Op Ed: Understanding Feeling Through Tragedy

In April of 2013, my department was a bit on edge. The stress from parting faculty, student over-enrollment, low budgets, and the tension caused by those who just couldn’t get along created an atmosphere that was something like a scene from “The Faculty;” I was unaware who was a friend and who was out to attack, eat, or infect me with gloom.

One of my colleagues laughed at my naivete. “You are new,” he said. “Do this for 25 years and you will understand.”

Maybe so. But I still couldn’t grasp how people—most of whom held a position that I have dreamed of since I entered academia in the early 2000s­—could be so angry at each other, the system, and the world. Shouldn’t everyone be skipping through the halls whistling Louis Armstrong tunes? The birds were chirping. It didn’t make sense.

Then I woke up one Friday morning. It was overcast and grey in New Paltz, N.Y. During the night, eight notifications were sent to my phone, all variances of the same headline: “Manhunt for Suspected Boston Bomber After Brother Killed in Gunfight.”

I felt my heart sink to my stomach like an anvil. But after an hour of checking the Facebook profiles of everyone I knew who still lived in Boston, and after I was assured that my friends were safe due to the total shut down of the city, my reaction turned black: I became obsessed. I needed them to catch Dzhokar Tsarnaev.

Historically, I’ve had mixed feelings about these kinds of things. I was in graduate school studying art in Boston when it was reported that Osama bin Laden had been captured and killed. My roommates — three males in their mid-twenties — cheered out our second and third story windows at the news. The streets echoed with cheers and honking horns. I, however, felt weird.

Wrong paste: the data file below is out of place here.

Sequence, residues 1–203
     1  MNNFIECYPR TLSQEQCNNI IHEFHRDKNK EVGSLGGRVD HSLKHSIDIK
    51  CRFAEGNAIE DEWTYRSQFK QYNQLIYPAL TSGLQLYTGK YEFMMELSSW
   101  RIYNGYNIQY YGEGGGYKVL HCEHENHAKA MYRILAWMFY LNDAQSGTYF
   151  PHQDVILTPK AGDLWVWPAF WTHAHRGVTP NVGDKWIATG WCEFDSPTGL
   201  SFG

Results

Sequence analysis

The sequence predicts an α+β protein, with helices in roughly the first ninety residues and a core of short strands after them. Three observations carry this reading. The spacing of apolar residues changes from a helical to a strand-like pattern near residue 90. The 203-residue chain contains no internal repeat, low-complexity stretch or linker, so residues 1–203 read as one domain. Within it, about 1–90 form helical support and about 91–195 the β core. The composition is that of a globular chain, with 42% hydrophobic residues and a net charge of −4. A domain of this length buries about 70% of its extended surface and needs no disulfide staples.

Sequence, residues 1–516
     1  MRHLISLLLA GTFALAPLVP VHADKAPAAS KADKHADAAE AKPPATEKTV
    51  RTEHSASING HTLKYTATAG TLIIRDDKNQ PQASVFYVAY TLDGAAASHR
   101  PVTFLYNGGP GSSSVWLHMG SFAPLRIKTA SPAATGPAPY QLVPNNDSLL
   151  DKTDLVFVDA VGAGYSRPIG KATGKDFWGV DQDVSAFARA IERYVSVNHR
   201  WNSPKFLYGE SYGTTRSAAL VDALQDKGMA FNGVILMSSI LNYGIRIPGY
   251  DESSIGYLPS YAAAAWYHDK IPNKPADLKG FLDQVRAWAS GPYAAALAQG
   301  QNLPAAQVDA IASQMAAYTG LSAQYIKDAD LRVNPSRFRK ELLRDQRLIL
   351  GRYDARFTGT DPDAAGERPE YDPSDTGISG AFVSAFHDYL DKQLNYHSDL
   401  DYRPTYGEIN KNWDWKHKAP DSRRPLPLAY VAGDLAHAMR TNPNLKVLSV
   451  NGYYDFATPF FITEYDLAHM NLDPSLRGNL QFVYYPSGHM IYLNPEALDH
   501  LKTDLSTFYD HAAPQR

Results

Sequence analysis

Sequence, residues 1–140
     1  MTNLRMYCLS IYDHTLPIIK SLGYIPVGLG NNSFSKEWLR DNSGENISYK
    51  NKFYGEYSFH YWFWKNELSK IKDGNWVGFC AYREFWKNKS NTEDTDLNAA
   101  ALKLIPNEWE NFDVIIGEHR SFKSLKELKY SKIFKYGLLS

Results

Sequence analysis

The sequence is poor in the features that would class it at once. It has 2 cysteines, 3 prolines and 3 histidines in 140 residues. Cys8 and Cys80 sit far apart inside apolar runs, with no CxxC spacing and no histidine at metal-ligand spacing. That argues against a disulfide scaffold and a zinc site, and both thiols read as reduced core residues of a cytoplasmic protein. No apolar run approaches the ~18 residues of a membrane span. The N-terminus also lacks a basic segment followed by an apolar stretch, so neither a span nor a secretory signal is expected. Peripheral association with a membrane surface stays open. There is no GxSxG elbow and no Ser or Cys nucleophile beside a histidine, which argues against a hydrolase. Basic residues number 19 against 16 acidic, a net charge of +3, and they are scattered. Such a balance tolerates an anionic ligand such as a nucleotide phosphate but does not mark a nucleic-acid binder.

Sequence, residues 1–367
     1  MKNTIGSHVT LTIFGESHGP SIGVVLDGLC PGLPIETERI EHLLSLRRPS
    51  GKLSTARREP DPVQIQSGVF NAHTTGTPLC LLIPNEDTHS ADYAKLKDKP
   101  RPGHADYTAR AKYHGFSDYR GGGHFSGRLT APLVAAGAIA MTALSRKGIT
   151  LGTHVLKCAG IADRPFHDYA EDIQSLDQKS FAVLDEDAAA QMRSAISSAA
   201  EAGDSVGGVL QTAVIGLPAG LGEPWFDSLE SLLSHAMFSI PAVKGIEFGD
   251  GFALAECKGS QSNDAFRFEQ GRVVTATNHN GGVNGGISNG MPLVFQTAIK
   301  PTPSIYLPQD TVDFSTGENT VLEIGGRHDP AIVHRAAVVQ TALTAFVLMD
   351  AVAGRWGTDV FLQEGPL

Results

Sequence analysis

The only time I experienced similar celebrations, in person, was during my final year of college when Obama beat McCain for the presidency. In town, the streets moved with people parading their way to the bars. On campus, students set themselves up in pod-like shapes, chanting words like “unity” and “Obama.” Despite the cold in the air, they played music and hugged each other and drank beer from cans in brown paper bags. It was beautiful.

What bothered me in 2011 was not that bin Laden was dead. It was the intensity of the jubilant reaction around me. It felt like the whole world was dancing and I was stuck in a “but-we-killed-him” mind frame. Would the cheers have been as loud if he died from anything but our own hands? It seemed inhumane.

I called my dad, a former hippie-turned-businessman. He said that he understood my conflicted feelings.

During that phone call, we spoke about the people we knew who lost family members on 9/11. We spoke about my uncle, who developed both asbestos poisoning and a drinking problem after spending weeks at Ground Zero setting up emergency lights. We reminisced about the eight or nine birthdays that we spent on top of the Twin Towers, a tradition we started after I got my first camera.

Image courtesy of Wikimedia Commons

I asked him if there was something wrong with me because I didn’t feel the way everyone else did. He said no, explaining that death is weird and makes people act in odd ways.

Cut to two years later.

“It’s like an episode of “Law and Order!”” read a comment on a friend’s Facebook status.

Thanks to social media—and my friend who was listening to police scanners and posting the events as he heard them—I was able to follow the chase for Dzhokar Tsarnaev as it was happening (with a few delays depending on how quick I could hit the refresh button on my Internet browser).

“Get those lights up.”

“Identify yourself when you have him.”